Organizational Fit for Managers and Mentees

If you are serious about creating a highly inclusive organization – one that is able to recruit, develop, retain and leverage the different perspectives and talents of a diverse workforce – then the place to start is with an examination of your organization’s “Fit Factors.”

Fit Factors focus on all of the informal norms, rules, traditions and criteria that are embedded invisibly in your organization’s culture.

Often, without your realizing it, Fit Factors are influencing the simplest of practices like where people are supposed to sit at meetings, to the most complex decisions about how people are hired, assigned, promoted and treated as members of your organization. Typically, when fit factors are left unexamined, the organization, though trying to establish a successful diversity and inclusion program, will experience:

  • A difficulty with retaining members of the identity groups from which they would like to have greater representation
  • An increased vulnerability on the part of the organization to claims of bias
  • The loss of diverse perspectives and creativity that would lead to greater innovation because people are spending so much of their psychic and intellectual time trying to overcome or adapt to informal norms that have little to do with the core business

Shine the Light on Organization Fit Factors

Fit Factor decisions are made every day in corporate America. They may or may not be legal or fair, but they are made – both consciously and unconsciously. Improving Individual Fit in Your Organization is an effective program that helps you learn how professional- and identity-based biases often hide in formal and informal fit criteria. The workshop helps leaders, managers and teams explore and respond to fit factor challenges such as:

  • Which identity-based groups of employees are experiencing “fit gaps” as they try to adapt to the organization’s culture?
  • Which formal and informal policies and practices can be adjusted to make it easier for all employees to experience equity and opportunity?
  • How can managers better support employees who are experiencing fit-gap challenges?
  • How long can new hires bring their fresh perspectives and ideas to the table before they are overtaken by the culture’s fit requirements?
  • At which levels do the fit requirements change as individuals move up to senior levels?
  • Are there fit criteria that are old and no longer necessary, but still operating within the culture?
  • Is the organization developing and mentoring employees to fit with the old culture, the current culture or an envisioned culture to which the organization aspires?

Why should managers and mentees examine Fit  Factors?

  • Many fit factors are unnecessary to the functioning of the organization. You need every edge to keep employees engaged to get the most out of the talent in your organization.
  • Many fit factors are rooted in individual bias. When informal fit requirements are inconsistently applied to members of protected identity groups, your organization may become vulnerable to claims of bias.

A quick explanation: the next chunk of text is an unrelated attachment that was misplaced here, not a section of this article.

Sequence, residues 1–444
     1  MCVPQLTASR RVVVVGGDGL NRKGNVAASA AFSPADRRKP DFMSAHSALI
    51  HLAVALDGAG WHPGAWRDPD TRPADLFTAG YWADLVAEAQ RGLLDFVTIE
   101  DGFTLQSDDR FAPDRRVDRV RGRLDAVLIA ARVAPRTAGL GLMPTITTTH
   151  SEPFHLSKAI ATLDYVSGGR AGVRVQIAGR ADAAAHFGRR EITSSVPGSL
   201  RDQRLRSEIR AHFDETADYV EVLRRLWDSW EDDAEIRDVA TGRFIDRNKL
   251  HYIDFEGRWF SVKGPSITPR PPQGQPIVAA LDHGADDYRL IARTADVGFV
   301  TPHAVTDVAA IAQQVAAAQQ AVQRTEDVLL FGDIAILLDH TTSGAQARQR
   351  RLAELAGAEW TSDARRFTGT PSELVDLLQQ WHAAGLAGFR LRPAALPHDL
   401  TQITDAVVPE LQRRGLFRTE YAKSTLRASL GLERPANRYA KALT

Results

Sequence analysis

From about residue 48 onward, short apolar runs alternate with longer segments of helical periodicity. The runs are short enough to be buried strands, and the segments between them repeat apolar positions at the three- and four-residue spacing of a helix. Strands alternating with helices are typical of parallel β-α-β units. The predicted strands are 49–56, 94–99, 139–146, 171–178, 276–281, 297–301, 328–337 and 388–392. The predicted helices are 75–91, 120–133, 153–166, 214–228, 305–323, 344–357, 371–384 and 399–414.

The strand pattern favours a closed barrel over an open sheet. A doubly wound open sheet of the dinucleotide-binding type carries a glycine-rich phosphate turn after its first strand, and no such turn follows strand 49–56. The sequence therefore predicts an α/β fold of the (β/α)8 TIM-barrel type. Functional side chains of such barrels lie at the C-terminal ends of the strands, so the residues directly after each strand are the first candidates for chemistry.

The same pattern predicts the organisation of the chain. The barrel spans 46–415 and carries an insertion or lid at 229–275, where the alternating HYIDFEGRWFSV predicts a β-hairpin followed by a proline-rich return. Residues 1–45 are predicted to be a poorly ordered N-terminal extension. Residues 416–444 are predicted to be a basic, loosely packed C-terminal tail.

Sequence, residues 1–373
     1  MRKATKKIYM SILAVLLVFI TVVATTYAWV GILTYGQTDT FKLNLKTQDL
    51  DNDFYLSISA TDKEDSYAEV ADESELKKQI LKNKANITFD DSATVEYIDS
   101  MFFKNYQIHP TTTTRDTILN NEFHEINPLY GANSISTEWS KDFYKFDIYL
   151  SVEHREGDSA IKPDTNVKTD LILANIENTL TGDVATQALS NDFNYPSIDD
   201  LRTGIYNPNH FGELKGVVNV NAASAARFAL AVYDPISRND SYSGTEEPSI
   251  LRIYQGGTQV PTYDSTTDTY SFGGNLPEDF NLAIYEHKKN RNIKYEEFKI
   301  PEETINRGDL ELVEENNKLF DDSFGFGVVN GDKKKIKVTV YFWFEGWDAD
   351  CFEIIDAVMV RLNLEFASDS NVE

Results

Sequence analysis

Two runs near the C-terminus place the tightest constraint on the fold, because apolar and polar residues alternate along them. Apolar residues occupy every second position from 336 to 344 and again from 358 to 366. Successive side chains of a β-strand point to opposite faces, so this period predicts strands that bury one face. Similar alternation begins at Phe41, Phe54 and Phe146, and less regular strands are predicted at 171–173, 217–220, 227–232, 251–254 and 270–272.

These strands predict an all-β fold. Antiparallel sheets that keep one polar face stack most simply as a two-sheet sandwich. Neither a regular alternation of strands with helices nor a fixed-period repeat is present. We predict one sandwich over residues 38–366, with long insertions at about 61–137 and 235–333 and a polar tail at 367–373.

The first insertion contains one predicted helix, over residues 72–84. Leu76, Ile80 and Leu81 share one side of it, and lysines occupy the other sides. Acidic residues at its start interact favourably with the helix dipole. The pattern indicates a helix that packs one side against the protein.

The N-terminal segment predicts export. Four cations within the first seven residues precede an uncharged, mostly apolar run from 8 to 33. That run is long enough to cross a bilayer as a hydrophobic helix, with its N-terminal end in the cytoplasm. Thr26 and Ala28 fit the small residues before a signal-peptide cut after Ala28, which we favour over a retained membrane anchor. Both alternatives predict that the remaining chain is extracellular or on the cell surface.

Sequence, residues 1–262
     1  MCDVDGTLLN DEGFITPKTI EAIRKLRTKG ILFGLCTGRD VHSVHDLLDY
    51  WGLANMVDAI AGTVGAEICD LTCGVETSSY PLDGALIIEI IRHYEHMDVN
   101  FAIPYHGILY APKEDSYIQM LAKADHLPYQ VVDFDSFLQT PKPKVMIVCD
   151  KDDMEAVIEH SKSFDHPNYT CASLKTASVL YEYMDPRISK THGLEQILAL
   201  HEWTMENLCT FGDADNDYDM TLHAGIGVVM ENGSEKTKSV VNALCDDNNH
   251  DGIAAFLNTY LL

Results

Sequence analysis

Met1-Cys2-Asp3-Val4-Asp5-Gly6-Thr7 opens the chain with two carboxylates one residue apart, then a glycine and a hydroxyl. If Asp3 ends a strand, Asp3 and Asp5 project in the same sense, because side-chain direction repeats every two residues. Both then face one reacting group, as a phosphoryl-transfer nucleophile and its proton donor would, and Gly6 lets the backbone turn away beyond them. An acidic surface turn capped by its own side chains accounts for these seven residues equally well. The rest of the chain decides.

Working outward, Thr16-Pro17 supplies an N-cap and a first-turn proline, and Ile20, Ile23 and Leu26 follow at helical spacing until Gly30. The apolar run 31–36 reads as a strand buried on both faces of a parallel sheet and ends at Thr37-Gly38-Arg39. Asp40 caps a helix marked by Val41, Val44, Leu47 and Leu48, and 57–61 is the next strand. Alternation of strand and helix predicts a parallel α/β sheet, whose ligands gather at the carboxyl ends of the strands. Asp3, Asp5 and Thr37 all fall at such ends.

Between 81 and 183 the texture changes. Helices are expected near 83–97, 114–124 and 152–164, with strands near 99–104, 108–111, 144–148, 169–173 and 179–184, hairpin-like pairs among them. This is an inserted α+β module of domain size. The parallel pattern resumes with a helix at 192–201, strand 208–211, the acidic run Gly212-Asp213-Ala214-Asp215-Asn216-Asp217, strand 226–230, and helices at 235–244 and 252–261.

• Talented people are sometimes silently excluded and screened out. If its innovation you want, then firm fit requirements are what you need. Harness your employees to strictly follow company rules so as to filter out their personal preferences.
  • Employees who are fighting fit are not as productive as you need. They’re spending a great deal of psychic and intellectual time trying to learn, adapt to and navigate a system of informal norms that have nothing to do with the core business.
  • Many fit factors are nostalgic and are not geared toward multi-generational, MultiDentity, and multicultural cultural employees.

What kinds of Fit will managers learn to help their employees and mentees navigate?

Identity-Based Fit

Members of many identity-based groups e.g., race, gender, LBGTQ, educational levels, nationality, region, social class, age, often feel as though they are swimming upstream as they try to adjust to organizational cultures that don’t fully accept their unique identity attributes.

Professional Fit

Same is true with professions – aptitudes and abilities may have better suitability than your current profession. You will always be surrounded by people you don’t gel with if you do not fundamentally fit the norms of your chosen profession.

Organizational Fit

Sometimes it is not your industry or profession that creates barriers – it’s the organization you came from.

Department Fit

Sometimes employees do not have to leave the organization; their best fit could mean simply changing departments.

Level Fit

Just because an employee fits at a current level doesn’t mean there will be smooth sailing at the next step up the ladder. The requirements become more stringent as they move up and the pressure increases to fit in completely before they hand over a set of keys to the executive suite.

Location Fit

Major issues arise when employees are moving from coast to coast, building to building, rural to urban, or from headquarters to the field.

Participation in the Fit Factors program will help you make informed decisions about how to create the highly inclusive work environment that will result in higher levels of productivity, innovation and morale for all employees.

*Online Survey is available for this program